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Understand React State Management

Which Library Should I Use?


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samuel martins

2 years ago | 7 min read

What state management library should you use with React? This is a question I have heard hundreds of times as a react developer. This article will help you answer this question.

First, we have to do a little bit of history. React was introduced in May 2013. Its paradigm shift was that your UI was a function of your state. Given some component’s state, React can determine how that component will look. From the beginning, React was built upon the concept of state, but state management in React has long been one of the hardest parts to understand.

We first saw the Flux architecture in 2014. This pattern was first suggested by Facebook and then popularized by a library called Redux. During this period, there was a bunch of different Flux-like libraries, and Redux was the one that won. If you look at this graph of the NPM trends, you will see that Redux is still extremely popular and widely used.

Photo by Author
Photo by Author

This graph does not cover everything obviously, but at least gives you a ballpark to understand that Redux is still used today. You might have also noticed that I was comparing other libraries in that graph, some of which you may or may not think are related. This is because when Redux came out, it encapsulated a lot of different types of state.

To help explain this, let’s define two important terms — UI state and server caching state. UI state is used for controlling interactive parts of our application like modals or even light mode or dark mode. Server caching state is where we call some API, return a response, and then we cache that result for use on the client side. Take a look at the image below.

Photo by Author
Photo by Author

In this example with SWR, which is a library for doing that, you see that you would call this API user, fetch some data, and then the response ( ‘ /api/user/123’ ) is cashed for use in multiple places across our client-side.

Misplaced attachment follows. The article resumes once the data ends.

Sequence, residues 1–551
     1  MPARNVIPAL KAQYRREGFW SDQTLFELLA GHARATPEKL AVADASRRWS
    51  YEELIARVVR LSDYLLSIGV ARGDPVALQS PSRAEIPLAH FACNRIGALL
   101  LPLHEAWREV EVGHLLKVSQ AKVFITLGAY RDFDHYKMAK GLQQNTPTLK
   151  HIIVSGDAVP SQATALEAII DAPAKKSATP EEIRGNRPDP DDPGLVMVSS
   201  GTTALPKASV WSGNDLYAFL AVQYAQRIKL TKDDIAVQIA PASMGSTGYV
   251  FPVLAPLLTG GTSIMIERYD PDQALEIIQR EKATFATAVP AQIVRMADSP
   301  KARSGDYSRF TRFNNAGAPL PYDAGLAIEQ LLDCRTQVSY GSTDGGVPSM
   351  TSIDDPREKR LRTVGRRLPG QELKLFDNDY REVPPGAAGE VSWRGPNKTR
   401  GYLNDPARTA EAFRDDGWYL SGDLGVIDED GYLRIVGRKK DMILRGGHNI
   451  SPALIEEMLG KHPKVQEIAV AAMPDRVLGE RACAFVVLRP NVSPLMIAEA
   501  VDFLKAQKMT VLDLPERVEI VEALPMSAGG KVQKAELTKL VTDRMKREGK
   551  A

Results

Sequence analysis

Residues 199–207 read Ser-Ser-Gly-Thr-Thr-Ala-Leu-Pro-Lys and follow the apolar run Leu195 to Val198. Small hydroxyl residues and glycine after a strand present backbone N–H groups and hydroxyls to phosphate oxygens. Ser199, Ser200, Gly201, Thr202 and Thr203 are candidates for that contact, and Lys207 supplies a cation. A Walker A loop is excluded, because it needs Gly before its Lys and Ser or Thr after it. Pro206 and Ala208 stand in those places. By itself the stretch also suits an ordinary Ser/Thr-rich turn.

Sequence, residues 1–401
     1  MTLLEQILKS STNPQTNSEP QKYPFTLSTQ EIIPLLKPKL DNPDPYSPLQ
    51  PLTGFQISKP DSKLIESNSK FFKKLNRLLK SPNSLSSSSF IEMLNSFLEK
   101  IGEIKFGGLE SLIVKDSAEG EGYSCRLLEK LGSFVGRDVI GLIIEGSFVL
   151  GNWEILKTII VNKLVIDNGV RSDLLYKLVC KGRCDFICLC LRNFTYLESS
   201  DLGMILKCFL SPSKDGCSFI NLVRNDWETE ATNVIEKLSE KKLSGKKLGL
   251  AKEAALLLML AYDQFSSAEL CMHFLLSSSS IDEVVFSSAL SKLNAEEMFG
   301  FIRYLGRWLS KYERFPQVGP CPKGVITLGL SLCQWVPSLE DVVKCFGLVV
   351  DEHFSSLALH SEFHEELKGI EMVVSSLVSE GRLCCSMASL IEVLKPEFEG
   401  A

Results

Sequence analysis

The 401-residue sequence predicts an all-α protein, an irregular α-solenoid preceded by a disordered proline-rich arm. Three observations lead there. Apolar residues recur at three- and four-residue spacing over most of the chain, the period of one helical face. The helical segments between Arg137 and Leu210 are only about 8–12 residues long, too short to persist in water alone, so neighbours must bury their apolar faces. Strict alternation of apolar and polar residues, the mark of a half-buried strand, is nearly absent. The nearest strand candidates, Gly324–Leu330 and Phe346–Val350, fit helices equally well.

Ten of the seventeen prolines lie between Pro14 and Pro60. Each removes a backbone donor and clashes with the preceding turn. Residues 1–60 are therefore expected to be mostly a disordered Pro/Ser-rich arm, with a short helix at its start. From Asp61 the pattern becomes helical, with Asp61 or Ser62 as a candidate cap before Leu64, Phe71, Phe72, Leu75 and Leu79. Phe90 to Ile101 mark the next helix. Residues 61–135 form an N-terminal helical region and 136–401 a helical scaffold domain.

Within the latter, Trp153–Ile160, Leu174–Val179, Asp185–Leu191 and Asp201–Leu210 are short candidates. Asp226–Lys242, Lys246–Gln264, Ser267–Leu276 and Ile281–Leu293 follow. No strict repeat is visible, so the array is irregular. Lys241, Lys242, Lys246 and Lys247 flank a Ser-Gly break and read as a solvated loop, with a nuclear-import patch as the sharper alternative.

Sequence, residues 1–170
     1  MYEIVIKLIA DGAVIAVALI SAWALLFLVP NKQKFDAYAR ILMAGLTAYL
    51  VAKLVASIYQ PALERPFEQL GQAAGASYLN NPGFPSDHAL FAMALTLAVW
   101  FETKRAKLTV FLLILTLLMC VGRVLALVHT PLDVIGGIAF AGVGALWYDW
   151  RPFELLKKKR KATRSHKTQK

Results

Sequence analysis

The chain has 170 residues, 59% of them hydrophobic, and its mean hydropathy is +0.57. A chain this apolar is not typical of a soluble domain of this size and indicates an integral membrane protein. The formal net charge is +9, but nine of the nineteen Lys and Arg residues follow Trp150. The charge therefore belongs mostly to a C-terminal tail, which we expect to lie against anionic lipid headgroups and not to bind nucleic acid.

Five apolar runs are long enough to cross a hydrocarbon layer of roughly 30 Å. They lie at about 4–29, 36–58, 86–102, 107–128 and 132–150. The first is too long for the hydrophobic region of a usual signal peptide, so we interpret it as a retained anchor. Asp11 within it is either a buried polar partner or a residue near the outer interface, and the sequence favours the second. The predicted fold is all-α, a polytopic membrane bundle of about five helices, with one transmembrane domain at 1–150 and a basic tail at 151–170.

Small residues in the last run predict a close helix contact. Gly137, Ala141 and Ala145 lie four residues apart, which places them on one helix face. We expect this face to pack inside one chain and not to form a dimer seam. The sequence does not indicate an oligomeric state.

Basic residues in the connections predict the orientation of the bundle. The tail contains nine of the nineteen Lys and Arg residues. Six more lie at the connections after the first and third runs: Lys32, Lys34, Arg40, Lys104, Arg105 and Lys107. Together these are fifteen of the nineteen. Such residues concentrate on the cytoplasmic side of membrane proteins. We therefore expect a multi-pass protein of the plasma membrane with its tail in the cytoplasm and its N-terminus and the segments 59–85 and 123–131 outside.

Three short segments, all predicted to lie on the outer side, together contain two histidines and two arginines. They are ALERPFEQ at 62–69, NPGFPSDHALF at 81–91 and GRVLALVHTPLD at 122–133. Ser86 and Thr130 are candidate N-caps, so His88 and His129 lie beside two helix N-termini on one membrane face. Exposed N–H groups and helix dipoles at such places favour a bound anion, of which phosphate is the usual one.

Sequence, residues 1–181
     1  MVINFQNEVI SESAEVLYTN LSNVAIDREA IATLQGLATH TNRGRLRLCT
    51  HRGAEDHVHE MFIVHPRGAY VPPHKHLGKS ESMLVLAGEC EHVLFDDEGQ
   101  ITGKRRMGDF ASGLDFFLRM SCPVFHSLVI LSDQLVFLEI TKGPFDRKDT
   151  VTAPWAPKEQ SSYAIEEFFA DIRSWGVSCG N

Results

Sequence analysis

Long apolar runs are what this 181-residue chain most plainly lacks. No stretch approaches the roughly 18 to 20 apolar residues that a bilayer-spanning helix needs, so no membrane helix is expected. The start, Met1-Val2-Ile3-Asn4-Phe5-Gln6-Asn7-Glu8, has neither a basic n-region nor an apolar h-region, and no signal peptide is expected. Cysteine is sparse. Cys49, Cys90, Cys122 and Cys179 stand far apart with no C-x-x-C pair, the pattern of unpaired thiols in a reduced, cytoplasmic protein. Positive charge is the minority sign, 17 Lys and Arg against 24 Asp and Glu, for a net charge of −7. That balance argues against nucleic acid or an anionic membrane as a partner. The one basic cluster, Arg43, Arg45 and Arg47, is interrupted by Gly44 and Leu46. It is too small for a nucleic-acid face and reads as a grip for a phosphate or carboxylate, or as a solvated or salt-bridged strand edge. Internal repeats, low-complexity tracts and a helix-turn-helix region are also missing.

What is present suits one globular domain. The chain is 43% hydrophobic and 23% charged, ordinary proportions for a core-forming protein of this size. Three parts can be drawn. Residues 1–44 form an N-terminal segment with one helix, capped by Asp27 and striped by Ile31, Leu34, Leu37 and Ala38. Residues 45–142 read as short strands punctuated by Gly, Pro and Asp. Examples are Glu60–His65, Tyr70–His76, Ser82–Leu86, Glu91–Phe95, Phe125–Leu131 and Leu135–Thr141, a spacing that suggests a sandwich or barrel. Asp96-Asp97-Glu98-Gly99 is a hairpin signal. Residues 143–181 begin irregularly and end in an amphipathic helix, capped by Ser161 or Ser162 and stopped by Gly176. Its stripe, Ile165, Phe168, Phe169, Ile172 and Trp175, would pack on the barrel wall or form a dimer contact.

In the early days of React, a lot of this state management was just fetching some API, storing the result, and then using it somewhere in your application, mostly that server cash state. Because of this, the community leaned heavily on Redux because there was no library just for that server cache state, but that all changed with React Hooks.

Having an easy way to encapsulate logic and share it across your application, new libraries like SWR and React-query emerged that allowed you to just manage that server caching state. Server caching state is a completely different problem than UI state, and when you conflate that inside of one library, things start to get a little messy. There are lots of complexities with resiliency around network requests, and it’s best to defer to the experts and use a library focused specifically on that.

Another big shift in the React state management history was React Context. With React 16.3, we had a first-class solution to share logic across multiple different components. This prevents passing values down from component to component to component, which some people refer to as prop drilling. Keep in mind that React context in and of itself is not a state management solution. When you pair it with hooks like useState and useReducer, then it becomes a full state management solution. React context is just the means to transport your data between lots of different components.

Hopefully, that history gives you a better understanding of how we have got to today in 2021 and the current state of state management in React. Now that we have grown to understand the different types of state, we have more granular libraries for specific use cases.

The first one of these is state machines. State machines are just computer science topics. They are not anything React-specific, but they do help us solve modern state management problems with React.

A state machine is just an explicit model of your state over time. Think about traffic lights as a real-world example. It goes from green to yellow, to red, but it never goes from green to red. I think the reason that state machines have gotten popular is that having to explicitly write out all of your state helps you think through edge cases and probably uncover some bugs that you missed.

I want to talk about why so many state management libraries have been created in the React ecosystem for a bit. Let’s take a look at Figma, which is a design tool in the browser, and it’s a great example of a good use case for complex state. So if you click on one of the elements you might be having in the middle of your screen, you will notice that the concept of local state does not make sense. You have toolbars on the right and left, and when you change anything in these toolbars, it is going to have to update the middle as well. While doing that, it needs to be also very, very performant.